000 / 2. 60. Ratio 5000 / 500 = 10 Therefore.000 units  And. (c) Work Study techniques: Under this method. no of foreman employed for production is = 4 Then the Ratio is = 2000 / 4 = 500 And if estimated production for 2012(future) is = 5000 units Then.000 units * 0.25 (25 minutes) = 40. 000 = 20 . Equation of regression is as shown below: Y = a*X + b Where ‘X’ is independent variable ‘Y’ is dependent variable And ‘a’ and ‘b’ are constants Here the value of dependent variable can be calculated once the data of the dependent variable is got from past data. 60. 60.       If present level of production for the year 2010 (past) is = 2000 units And.000 units) is = 0. Then man-hours required to produce each unit is calculated. 000 hours/year  The working hours per employee in man-hours in 2010 = 2. no of foreman needed for production of 5000 units is = 1 Econometric Models: Regression analysis includes a large group of methods that can be used to predict future values of variable using information about other variables. total production and activities in terms of clear units are estimated in a year.25  Man-hours per year (2010) is = 1. Later the required number of employees is calculated. the standard man-hour needed in 2010 (to produce 1. For example:  If units produced in 2010 is = 1. number of employees required in 2010 = 40. 000 hrs  Then.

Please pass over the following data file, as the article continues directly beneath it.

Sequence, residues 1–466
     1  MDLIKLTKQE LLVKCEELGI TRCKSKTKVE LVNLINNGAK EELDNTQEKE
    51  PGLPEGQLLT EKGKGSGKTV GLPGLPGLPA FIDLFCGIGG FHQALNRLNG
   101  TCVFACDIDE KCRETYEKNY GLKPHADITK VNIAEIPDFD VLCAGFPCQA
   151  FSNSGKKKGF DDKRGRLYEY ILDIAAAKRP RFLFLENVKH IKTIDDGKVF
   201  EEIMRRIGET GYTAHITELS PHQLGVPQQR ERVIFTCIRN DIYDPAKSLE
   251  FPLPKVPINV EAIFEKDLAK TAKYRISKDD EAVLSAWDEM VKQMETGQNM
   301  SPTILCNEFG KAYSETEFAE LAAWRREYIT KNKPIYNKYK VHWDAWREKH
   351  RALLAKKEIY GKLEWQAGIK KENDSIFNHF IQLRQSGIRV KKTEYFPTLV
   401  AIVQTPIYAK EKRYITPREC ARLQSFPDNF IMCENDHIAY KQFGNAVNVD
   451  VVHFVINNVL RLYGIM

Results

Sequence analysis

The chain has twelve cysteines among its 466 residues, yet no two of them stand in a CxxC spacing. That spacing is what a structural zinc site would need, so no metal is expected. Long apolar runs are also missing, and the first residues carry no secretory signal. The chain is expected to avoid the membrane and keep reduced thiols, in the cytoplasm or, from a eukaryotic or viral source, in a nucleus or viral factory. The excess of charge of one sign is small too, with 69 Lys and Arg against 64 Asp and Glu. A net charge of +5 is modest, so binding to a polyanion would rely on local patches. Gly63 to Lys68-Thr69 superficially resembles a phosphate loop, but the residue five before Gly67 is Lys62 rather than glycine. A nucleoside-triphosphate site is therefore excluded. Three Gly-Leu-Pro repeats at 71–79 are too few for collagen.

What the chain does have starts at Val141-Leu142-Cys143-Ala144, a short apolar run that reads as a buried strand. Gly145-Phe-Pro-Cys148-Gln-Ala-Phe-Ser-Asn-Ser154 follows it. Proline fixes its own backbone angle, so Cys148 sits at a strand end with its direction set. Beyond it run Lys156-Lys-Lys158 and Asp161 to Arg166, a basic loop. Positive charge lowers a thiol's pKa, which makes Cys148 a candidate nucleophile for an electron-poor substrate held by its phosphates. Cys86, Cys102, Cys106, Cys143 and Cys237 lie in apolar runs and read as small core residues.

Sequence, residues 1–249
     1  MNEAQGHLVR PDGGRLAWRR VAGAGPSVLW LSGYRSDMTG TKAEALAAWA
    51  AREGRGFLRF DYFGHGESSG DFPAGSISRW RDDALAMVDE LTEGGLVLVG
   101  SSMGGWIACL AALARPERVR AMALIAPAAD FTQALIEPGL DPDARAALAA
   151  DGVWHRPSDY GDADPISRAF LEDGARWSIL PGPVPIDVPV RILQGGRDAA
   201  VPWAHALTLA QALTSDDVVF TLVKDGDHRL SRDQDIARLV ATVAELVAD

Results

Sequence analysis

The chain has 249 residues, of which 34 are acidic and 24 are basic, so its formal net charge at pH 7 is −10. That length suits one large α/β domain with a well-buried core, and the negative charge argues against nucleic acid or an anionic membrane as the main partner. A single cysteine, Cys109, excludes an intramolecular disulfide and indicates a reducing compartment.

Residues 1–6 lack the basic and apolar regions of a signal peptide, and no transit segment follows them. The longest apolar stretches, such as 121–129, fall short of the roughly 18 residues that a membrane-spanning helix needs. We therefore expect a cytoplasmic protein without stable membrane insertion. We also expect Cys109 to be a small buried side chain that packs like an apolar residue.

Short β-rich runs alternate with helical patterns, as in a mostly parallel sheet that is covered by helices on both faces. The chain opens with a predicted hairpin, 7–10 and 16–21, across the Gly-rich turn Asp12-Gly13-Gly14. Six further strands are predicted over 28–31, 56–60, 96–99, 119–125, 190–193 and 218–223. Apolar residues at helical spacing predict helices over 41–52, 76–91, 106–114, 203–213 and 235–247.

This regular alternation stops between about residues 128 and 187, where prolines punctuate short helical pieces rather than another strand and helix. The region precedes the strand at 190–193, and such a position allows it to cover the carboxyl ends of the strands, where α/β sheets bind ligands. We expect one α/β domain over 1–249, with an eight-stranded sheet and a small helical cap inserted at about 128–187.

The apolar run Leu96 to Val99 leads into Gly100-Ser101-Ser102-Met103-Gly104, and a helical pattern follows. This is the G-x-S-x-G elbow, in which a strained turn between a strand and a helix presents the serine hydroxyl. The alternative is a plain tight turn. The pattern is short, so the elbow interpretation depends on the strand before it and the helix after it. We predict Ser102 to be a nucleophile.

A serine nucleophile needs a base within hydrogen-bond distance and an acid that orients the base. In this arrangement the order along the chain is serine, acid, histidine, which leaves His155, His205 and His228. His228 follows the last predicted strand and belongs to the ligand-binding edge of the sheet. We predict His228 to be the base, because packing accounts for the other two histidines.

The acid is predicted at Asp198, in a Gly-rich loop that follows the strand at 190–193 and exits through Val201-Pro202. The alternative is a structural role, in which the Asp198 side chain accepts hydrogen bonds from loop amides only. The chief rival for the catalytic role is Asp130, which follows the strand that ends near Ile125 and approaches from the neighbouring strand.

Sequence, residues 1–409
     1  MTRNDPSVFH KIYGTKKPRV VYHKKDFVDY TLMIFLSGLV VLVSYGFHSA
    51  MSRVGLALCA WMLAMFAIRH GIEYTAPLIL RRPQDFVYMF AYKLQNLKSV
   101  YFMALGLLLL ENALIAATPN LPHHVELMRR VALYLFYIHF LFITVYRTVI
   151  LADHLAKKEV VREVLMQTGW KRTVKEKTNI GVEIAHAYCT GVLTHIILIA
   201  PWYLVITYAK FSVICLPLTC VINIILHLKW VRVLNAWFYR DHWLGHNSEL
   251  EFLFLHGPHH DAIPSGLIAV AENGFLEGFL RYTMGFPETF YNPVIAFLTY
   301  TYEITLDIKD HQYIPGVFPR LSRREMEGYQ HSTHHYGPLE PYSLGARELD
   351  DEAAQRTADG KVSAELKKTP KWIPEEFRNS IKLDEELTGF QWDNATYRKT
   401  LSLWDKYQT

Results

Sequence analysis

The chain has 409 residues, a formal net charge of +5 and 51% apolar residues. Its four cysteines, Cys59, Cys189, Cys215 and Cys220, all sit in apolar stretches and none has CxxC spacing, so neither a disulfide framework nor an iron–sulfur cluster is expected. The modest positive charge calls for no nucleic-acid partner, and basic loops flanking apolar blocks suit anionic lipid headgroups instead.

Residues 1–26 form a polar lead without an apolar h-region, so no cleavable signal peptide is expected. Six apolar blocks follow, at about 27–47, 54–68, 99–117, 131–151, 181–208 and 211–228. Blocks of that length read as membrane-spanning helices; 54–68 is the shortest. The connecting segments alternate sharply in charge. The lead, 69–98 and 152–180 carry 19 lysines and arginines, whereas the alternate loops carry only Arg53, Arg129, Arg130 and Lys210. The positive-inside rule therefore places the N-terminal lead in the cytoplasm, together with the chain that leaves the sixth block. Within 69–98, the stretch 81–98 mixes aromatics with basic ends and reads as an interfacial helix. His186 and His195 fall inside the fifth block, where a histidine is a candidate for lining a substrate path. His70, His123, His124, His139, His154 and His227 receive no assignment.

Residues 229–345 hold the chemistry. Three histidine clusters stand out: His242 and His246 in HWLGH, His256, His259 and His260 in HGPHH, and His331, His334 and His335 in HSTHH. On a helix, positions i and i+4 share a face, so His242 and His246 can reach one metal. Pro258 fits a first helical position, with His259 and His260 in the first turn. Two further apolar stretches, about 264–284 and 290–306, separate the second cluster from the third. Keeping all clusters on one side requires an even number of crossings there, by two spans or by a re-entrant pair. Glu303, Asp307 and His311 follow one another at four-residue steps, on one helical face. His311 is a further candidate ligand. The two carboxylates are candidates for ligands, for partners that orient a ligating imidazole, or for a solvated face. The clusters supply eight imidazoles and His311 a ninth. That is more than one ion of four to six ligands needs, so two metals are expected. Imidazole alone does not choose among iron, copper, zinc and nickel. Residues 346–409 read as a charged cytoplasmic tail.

iii. Shortage Outsourcing Employment Training & Development Modify plan according to requirements . iii.Environment Organisational objective & policies HR Need Forecast HR Supply Forecast HR Programming HRP implementation Control & Evaluation Surplus i. ii. ii. Redeployment Retrenchment Redundancy i.

) Employees will resist as they view that it increases the workload of employees. (ii) Uncertainties: Changes occurring due to absenteeism. economic. labour turnover etc. Recent trends in HRP:  Outsourcing  Time bound projects  Fast delivery Conclusion: HRP aims at controlling the employees through productivity maximisation. It is a vital sub activity of employment function in an organisation. social. technological) (iii) Inadequate information system: In under developed and developing country the past data available may not be adequate compared to the past data available in the developed country. seasonal employment. .Problems in HRP: (i) Resistance by employees and employers: Employers generally resist HRP as they think that it increases the cost of manpower as trade unions demand for employees based on the plan(with more facilities & benefits including training and development. And also the changes in the external environment (physical. It is never ending process.